Since the country’s independence, the Tuareg went from a role of
opposition to the central authority, to a source of constant repeated rebellion
throughout the decades with the prime objective of secession. The 2012
insurgency of the Tuareg people however marked a turning point as the group
officially declared the independence of the Azawad soon after their northern
conquests, allied itself with extremist Islamist organisations operating in the
region and most important, the rebellion gained world attention due to its’
potentially disastrous regional consequences.

 

The MNLA, a new generation of fighters

The MNLA (Mouvement National de Libération de l’Azawad) is a political
and military organisation which was established in October 2011, after agreeing
on the fact that the absence of an exclusively political organisation would be
incredibly damaging, many young Tuareg, with the objective of achieving
independence in Northern Mali and defending the Tuaregs’ interest against a
“Terrorist Totalitarian state” which, according to the organisation, is guilty
of crimes against the Tuareg community and against the people of Azawad. The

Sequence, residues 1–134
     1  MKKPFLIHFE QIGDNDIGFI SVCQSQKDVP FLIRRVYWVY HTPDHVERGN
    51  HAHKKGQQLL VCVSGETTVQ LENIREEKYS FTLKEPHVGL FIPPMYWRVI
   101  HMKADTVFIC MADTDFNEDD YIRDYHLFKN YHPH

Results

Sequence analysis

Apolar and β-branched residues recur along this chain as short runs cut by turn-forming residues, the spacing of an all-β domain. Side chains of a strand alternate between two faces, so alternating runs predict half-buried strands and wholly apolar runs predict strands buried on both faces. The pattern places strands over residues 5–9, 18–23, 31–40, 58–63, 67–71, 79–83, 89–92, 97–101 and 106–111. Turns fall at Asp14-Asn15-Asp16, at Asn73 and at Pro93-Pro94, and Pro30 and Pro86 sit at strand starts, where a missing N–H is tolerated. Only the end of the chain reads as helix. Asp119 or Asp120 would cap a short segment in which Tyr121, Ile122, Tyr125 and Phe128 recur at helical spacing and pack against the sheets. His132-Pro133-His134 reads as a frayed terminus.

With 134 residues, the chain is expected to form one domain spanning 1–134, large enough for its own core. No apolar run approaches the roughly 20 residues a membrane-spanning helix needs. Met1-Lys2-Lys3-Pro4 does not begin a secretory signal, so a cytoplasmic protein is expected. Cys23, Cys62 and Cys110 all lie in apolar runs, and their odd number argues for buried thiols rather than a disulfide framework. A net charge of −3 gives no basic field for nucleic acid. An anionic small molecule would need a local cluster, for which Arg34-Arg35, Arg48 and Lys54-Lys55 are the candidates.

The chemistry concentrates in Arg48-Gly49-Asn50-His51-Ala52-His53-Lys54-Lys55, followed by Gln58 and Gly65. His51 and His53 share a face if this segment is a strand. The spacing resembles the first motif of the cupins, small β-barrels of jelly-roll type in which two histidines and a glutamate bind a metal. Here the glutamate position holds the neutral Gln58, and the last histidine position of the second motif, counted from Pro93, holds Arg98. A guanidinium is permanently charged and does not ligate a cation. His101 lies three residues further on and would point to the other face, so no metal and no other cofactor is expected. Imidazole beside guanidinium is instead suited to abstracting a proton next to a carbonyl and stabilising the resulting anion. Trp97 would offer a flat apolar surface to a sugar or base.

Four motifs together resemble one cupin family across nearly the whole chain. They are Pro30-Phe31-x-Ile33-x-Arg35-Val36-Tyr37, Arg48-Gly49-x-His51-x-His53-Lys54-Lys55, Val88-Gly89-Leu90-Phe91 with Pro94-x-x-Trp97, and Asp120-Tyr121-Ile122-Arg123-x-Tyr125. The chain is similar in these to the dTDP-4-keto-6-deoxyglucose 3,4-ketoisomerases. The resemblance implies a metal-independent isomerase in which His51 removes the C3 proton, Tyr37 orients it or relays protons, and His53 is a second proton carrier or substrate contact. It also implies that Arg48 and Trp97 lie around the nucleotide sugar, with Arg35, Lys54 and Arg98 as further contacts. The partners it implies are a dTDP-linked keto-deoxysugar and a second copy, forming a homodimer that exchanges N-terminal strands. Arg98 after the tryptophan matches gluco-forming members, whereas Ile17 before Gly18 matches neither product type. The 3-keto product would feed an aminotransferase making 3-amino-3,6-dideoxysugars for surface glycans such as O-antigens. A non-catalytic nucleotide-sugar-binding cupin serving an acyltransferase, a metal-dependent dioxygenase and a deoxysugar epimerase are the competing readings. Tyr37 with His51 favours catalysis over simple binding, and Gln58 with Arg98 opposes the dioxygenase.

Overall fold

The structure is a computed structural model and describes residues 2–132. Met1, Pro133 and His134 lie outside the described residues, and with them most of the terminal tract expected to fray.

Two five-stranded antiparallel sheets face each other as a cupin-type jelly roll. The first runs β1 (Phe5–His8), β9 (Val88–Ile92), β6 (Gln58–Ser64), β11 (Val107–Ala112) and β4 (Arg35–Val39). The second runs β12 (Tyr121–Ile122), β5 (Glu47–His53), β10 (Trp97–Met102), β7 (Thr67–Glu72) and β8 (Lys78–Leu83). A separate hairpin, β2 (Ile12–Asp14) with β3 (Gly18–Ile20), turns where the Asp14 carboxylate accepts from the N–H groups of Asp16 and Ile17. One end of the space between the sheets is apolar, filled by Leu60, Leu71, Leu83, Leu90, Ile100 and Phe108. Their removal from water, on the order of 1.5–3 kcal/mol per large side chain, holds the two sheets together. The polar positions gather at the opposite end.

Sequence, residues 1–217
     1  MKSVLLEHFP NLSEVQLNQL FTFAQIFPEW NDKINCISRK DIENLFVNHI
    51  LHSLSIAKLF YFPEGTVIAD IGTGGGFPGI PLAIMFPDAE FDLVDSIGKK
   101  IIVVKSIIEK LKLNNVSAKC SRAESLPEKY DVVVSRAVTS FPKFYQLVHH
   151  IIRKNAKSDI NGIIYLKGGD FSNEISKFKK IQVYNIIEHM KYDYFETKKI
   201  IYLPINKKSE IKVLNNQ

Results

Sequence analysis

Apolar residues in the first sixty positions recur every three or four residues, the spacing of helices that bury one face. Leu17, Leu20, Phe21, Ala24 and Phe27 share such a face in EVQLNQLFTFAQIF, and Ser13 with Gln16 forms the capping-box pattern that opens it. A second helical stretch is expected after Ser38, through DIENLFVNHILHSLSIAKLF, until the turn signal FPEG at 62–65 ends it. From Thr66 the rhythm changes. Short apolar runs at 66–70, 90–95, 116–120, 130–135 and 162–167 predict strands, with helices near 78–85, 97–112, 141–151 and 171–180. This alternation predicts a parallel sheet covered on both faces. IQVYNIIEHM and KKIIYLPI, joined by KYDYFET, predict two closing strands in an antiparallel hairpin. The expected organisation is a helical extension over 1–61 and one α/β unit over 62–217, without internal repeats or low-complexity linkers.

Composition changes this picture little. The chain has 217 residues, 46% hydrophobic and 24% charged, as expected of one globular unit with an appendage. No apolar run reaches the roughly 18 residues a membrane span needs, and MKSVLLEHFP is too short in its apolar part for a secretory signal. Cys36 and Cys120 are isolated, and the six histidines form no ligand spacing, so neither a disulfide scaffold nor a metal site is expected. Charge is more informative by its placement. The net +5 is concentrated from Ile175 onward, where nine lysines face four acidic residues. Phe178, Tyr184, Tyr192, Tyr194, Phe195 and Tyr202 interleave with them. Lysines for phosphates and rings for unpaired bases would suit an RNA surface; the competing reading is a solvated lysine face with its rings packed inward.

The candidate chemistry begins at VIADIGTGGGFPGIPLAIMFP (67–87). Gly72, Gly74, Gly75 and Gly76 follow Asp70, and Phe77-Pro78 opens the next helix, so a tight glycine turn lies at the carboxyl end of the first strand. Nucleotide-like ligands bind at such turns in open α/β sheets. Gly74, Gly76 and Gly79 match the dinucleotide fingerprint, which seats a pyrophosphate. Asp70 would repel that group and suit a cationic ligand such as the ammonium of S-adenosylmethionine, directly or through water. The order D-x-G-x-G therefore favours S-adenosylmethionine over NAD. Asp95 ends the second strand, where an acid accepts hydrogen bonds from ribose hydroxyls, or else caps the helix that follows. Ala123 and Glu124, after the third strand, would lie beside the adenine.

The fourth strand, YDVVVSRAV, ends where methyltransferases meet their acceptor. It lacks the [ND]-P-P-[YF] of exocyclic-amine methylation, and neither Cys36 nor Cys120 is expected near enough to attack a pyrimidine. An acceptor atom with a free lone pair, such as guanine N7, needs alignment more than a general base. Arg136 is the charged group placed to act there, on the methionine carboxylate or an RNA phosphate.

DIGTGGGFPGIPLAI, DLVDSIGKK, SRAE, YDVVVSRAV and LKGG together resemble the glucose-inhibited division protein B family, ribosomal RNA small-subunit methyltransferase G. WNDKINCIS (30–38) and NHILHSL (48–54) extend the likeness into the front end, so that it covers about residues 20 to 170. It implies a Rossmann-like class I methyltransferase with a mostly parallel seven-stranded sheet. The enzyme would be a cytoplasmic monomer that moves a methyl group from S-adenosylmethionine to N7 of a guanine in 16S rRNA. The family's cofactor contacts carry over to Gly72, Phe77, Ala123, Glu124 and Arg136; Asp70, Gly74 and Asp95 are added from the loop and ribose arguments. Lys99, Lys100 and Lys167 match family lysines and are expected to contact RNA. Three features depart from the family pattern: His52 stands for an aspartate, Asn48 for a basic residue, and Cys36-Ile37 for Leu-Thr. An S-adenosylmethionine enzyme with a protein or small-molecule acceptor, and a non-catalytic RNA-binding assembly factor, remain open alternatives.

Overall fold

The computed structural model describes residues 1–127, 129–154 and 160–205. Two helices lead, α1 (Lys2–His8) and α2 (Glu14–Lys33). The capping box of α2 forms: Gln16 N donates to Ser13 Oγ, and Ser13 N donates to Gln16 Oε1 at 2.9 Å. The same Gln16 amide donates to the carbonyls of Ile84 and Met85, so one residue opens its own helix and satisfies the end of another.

organisation also accused the Malian government of using torture, deliberate
violence, arbitrary killings, rape and human rights violations against northern
tribes. Other than repeated persecutions, the organisation also accuses the
Government of failing to properly develop the North of the country. This
secular movement sought the self-determination of Azawad in Northern Mali. The
MNLA is born of a fusion of two pro-independance groups: the MTNM (Mouvement
Touareg du Nord-Mali) and the MNA (Mouvement National de l’Azawad). The MNLA
officially launched the offensive against government forces on January 2012
when it took control of key strategic military bases in the North but it was
unable to control the northern territories which explains its cooperation with
armed jihadist groups such as Ansa Dine.

The MNLA was therefore inheriting a long conflictual history between the
Tuaregs in northern Mali and the Government itself. The Tuaregs have rebelled
three times since the country’s independence in the 1960s in the hope of
reaching their objectives. However, the Tuaregs were weakened in the 1960s
after their first rebellion and the violent response of the Government against
the northern insurgents. However, the bitterness generated after the conflict,
the droughts of 1972 and the misappropriation of international humanitarian aid
by government officials eventually led to another rebellion in the 90s.

The Rebellion in the 1990s led to the signing of the Tamanrasset Accords
in 1991 and the National Pact in 1992 which aimed at developing the north and
better representation of the Azawad region within national institutions. Many
policies were adopted with the hope of appeasing the Tuareg’s anger and
frustration such as the construction of infrastructure in the north, better
political representation, further investments in the north and the
incorporation of Tuareg fighters in the Malian regular military. Many of the